10 Novembre 2016
November 8, 2016
Nearly 70 percent of the municipal heads at a domestic general meeting of the nongovernmental organization Mayors for Peace who responded to a Mainichi Shimbun survey said they support a United Nations resolution calling for the start of talks next year to outlaw nuclear weapons.
The U.N. resolution, introduced jointly by Austria, Mexico and several other countries, was approved on Oct. 27 at the First Committee of the U.N. General Assembly, with 123 nations voting for it and 38 against. Japan opposed the measure along with the United States, drawing criticism from peace groups and other parties.
Chief Cabinet Secretary Yoshihide Suga expressed the government's view that the resolution would deepen the divide between nuclear and non-nuclear states, which would make achievement of a world without nuclear weapons a remote prospect.
Akira Kawasaki, an international steering committee member of the International Campaign to Abolish Nuclear Weapons, said that by opposing the resolution, Japan was "going from being an A-bombed country to an ally of nuclear states."
The Mainichi Shimbun poll was conducted in line with the Japanese Member Cities' Meeting of Mayors for Peace in the Chiba Prefecture city of Sakura on Nov. 7 and 8. The Mainichi asked 52 mayors who had given advance notice of their attendance whether or not they supported the U.N. resolution, and why. A total of 32 of the 46 mayors who responded said they supported the resolution.
About half of those in favor said they supported the resolution because Japan is the only country to have been attacked with atomic bombs and therefore has its own role to play.
Hiroshima Mayor Kazumi Matsui, president of Mayors for Peace, stated, "In order to steadily advance moves to eliminate nuclear weapons, full implementation of the Treaty on the Non-Proliferation of Nuclear Weapons is indispensable, along with the conclusion by all countries of a treaty banning nuclear weapons."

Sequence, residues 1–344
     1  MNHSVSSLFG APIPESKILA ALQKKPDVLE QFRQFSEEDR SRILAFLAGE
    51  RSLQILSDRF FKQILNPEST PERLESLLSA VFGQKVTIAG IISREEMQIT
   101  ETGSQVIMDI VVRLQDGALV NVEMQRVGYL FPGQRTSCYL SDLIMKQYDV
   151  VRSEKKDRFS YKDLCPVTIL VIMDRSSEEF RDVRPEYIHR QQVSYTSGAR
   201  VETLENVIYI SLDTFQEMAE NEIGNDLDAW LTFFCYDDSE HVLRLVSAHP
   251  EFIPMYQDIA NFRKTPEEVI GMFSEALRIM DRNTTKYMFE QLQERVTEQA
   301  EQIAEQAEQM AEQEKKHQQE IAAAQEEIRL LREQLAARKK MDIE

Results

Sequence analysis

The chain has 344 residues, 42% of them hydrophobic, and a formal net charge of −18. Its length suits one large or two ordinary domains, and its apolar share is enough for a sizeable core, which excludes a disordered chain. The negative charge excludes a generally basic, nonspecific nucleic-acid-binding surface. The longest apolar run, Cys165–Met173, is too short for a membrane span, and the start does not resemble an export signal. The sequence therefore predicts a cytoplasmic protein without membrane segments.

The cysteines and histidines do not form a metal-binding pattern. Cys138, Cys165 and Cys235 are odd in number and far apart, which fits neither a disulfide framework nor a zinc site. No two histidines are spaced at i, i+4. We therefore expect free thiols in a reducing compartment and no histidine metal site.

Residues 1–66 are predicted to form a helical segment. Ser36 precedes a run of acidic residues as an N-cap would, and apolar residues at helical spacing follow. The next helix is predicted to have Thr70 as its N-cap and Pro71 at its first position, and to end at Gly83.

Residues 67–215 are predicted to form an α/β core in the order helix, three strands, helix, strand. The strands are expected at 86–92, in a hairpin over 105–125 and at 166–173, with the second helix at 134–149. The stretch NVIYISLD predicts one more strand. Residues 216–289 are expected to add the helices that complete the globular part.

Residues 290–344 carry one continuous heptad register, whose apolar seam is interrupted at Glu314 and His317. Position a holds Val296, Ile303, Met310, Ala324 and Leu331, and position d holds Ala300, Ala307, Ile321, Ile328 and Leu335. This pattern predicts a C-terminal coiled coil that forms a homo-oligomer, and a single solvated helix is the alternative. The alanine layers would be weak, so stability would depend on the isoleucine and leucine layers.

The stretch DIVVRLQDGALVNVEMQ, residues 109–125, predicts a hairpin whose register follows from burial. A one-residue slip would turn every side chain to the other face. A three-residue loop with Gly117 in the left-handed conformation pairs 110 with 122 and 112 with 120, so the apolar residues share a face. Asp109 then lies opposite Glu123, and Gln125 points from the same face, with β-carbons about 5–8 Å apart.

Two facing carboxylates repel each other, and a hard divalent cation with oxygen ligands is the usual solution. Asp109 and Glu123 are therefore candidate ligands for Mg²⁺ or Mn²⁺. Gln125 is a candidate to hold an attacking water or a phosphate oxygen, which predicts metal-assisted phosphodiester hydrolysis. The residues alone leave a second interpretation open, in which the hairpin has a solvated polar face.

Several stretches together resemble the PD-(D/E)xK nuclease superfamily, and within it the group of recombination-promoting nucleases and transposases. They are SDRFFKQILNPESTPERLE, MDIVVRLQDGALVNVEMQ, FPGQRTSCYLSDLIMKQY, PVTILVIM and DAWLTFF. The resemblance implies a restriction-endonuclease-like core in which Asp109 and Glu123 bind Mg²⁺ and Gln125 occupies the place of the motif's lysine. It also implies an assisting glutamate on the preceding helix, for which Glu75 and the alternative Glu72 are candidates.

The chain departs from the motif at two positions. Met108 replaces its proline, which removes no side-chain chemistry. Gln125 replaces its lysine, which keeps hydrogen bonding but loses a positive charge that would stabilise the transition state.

Nobuhiro Takahashi, mayor of the Fukushima Prefecture town of Koori, commented, "Fukushima Prefecture is still suffering from radioactive contamination from the nuclear disaster. The use of nuclear materials, which humans cannot control, should be halted immediately."
Two mayors said they opposed the resolution on the grounds that they supported the Japanese government. Twelve did not say whether they opposed or supported the measure.
A representative of the general affairs division of the Shizuoka Prefecture city of Iwata, whose mayor Osamu Watanabe expressed opposition, said that considering the situation in North Korea and other factors, it would cause confusion to ban nuclear weapons immediately. As such, the representative said, it couldn't be helped for the Japanese government to call for proceeding with elimination in stages. The representative said it was an extremely difficult issue.
Sakura Mayor Kazuo Warabi did not say whether he supported or opposed the resolution. He said he took the view that the Japanese government made its decision based on the international situation and the nation's security, then added, "I would like the central government to explain to the public the reasons for its opposition and what future efforts it will make toward the elimination of nuclear weapons."